Sunday, June 29, 2014

[Mammalogy • 2014] Macroscelides micus • A New Species of Round-eared Sengi (genus Macroscelides) from northwestern Namibia

Etendeka Round-eared Sengi [elephant-shrew]
Macroscelides micus Dumbacher & Rathbun, 2014

FIG. 3.—Captive A) Macroscelides micus (CAS MAM 29699; JPD photo) and B) M. flavicaudatus (CAS MAM 29696; JPD photo), illustrating the diagnostic features of the former: ears that appear pink due to the absence of dark skin pigment; swollen base of tail due to the large subcaudal gland; and rusty pelage of face, dorsum, and tail.
 Typical habitat of M. micus (650 m elevation) on the lower slope of an outcrop at the southern edge of the Awahab Outliers, about 28 km south of the Huab River in northwestern Namibia. The Sherman trap, just beyond the welwitschia plant in the foreground, is where M. micus was captured, and a M. flavicaudatus was captured about 150 m lower on the slope, beyond the trap bag.
doi: 10.1644/13-MAMM-A-159

While studying the systematics and taxonomy of round-eared sengis (genus Macroscelides), we identified an unusual specimen from remote northwestern Namibia in the collection of the California Academy of Sciences. To determine if this represented a different species, we made 9 collecting trips with 5,616 trap-nights of effort that produced 16 voucher specimens (including the original specimen) of the unusual sengi. These specimens are distinguished from other Macroscelides species by morphological metrics (they are smaller), external features (rusty-tinged pelage, large subcaudal gland, and lack of dark skin pigment), and by divergence at 3 independently segregating DNA loci. These traits are the basis for the description of a new species of Macroscelidesthat seems to be confined to gravel plains associated with the distinctive reddish colored Etendeka geological formation of northwestern Namibia. The new species appears to be reproductively isolated from congeners, because portions of its distribution are sympatric with that of the Namib round-eared sengi (M. flavicaudatus), and we found no evidence of hybrid individuals or gene flow. The new species is allopatric with the Karoo round-eared sengi (M. proboscideus), which is found about 500 km to the south. The new species, along with M. flavicaudatus, is endemic to Namibia. With this 3rd species in the genus, there are now 19 recognized extant species in the order Macroscelidea.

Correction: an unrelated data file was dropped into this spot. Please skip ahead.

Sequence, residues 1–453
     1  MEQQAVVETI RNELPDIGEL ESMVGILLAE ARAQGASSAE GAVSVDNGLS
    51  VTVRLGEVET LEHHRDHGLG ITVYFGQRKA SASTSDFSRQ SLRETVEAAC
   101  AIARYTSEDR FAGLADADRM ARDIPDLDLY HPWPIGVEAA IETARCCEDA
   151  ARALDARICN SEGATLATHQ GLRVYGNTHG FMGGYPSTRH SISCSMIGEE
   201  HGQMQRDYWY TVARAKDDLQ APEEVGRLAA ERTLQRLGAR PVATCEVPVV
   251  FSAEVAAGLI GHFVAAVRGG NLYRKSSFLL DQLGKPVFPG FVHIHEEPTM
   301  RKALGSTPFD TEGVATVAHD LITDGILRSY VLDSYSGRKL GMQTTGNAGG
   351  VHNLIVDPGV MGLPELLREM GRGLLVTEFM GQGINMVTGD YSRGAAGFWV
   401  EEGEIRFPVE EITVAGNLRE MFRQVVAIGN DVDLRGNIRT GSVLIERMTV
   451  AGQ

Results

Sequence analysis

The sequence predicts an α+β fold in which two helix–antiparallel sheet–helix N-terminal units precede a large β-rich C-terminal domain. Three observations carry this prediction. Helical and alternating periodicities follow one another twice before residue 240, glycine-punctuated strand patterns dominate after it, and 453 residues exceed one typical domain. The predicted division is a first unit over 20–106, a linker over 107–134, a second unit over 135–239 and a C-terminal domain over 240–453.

Key words: elephant-shrew, Etendeka, Macroscelides, Namibia, new species, phylogenetics, sengi

Etymology.— The derivation of micus is Greek (mickros) meaning small, which reflects the diminutive size of this species; indeed, it is the smallest of any known sengi. This epithet continues the practice of using names that reflect distinctive features of each taxon in this genus (see below). We suggest the common name for the new species be Etendeka round-eared sengi (or elephant-shrew), which is based on the widely recognized common name used when the genus was monospecific (round-eared sengi), and incorporates the name of the region in Namibia where it occurs. Etendeka is from the Himba/Otji-Herero language of the Himba people from northwestern Namibia, and refers to the distinctive flat-topped mountains and rust-colored substrates of the region. The other 2 species in the genus are the Karoo round-eared sengi (M. proboscideus) and the Namib round-eared sengi (M. flavicaudatus)

 Dumbacher, J. P.; Rathbun, G. B.; Osborne, T. O.; Griffin, M.; Eiseb, S. J. 2014. A New Species of Round-eared Sengi (genus Macroscelides) from Namibia. Journal of Mammalogy. 95 (3): 443–454. doi: 10.1644/13-MAMM-A-159

Galen B. Rathbun and John P. Dumbacher. 2015. Home Range and Use of Diurnal Shelters by the Etendeka Round-eared Sengi, A Newly discovered Namibian Endemic Desert Mammal. PeerJ. 3:e1302. DOI: 10.7717/peerj.1302